Don Andrea, a courtier in the Spanish court, falls in love with Bel-imperia, a daughter of the Duke of Castile. Yet he is wounded during the battle of Alcantra in 1580 and soon dies. His soul descends the body and goes down to the underworld. There Don Andrea meets a personified Revenge who proposes to guide him through “the gates of horn” and show him the truth about his murder. The motif comes from Virgil’s Aeneid where the are twin gates mentioned: the gate of horn with true visions and that of ivory which shows only falsehood. The Ghost of Don Andrea and Revenge “sit and see” and comment upon the events, calling themselves the “Chorus in this tragedy.”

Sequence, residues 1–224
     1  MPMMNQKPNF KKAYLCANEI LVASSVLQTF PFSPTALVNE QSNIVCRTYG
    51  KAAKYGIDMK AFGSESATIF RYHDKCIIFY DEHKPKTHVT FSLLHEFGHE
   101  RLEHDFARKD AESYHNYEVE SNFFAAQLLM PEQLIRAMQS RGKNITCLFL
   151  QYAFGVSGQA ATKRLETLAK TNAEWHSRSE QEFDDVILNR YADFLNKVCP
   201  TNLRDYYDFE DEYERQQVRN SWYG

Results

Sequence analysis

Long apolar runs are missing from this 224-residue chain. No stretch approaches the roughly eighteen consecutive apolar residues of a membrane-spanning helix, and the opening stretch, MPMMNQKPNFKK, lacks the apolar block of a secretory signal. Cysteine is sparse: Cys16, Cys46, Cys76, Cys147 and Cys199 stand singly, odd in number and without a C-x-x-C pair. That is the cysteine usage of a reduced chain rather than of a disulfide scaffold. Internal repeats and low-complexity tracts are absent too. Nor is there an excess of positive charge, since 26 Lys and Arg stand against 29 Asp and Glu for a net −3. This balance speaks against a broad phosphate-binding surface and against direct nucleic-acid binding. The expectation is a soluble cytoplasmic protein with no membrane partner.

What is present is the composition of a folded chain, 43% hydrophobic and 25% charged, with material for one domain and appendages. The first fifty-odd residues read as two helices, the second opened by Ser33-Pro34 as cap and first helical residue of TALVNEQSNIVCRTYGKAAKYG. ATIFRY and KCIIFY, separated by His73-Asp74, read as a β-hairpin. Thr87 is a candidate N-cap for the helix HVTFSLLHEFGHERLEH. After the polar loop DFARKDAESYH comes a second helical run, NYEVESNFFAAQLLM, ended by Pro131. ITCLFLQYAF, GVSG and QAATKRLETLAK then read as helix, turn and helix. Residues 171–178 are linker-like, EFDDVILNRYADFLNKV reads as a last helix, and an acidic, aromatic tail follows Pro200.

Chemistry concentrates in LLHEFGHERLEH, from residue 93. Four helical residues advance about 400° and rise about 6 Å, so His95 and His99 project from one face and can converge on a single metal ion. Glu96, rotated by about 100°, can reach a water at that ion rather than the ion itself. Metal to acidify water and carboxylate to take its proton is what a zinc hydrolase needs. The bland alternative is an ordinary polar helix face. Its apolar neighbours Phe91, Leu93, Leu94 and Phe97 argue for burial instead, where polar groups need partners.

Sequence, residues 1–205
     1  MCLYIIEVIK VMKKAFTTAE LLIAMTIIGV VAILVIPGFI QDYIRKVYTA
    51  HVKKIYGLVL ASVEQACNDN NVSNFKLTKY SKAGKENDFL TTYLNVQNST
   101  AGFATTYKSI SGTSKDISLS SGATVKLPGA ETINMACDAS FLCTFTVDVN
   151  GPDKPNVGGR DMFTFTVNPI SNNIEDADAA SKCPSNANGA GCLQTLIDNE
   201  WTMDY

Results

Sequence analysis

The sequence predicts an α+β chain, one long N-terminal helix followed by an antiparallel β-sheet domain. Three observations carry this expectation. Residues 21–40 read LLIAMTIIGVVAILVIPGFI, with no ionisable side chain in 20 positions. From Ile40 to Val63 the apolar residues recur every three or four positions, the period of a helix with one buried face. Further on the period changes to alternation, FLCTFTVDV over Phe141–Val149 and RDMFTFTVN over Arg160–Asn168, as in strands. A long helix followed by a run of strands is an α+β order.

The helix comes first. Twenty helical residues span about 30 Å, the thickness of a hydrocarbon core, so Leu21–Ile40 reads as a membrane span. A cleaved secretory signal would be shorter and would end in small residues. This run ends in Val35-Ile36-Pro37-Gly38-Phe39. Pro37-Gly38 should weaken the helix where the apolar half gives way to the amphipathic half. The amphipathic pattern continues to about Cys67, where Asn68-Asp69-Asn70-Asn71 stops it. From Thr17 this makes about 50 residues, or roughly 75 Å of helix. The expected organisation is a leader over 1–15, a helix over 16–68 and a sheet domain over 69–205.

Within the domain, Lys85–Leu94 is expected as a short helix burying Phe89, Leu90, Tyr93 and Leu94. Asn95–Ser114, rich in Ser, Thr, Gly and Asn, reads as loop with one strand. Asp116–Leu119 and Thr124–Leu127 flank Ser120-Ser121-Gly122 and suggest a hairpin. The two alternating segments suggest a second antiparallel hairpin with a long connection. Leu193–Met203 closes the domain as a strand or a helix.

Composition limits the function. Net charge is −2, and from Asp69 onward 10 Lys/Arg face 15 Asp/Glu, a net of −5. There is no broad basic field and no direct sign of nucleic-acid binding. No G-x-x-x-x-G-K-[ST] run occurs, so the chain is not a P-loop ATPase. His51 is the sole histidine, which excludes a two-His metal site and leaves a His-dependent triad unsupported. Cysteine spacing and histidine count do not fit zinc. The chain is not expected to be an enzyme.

In this play-within-the play the Ghost of Don Andrea and Revenge should be present onstage all the time. They make some comments as they watch the action but they are not heard by other characters. Andrea desperately seeks revenge on his murderer and is rather impatient to punish him there and then. Gullible and under-informed, he keeps asking questions and wants Revenge to take some immediate action. Revenge, however, knows the story and knows how it ends. No wonder he falls asleep at the end of ACT III as he is bored to death. He is the master of the ceremony, “I’ll show thee,” he says to Don Andrea. The Ghost has to wait patiently. His revenge will take place in the world where Hieronimo plays the avenger after his son’s murder.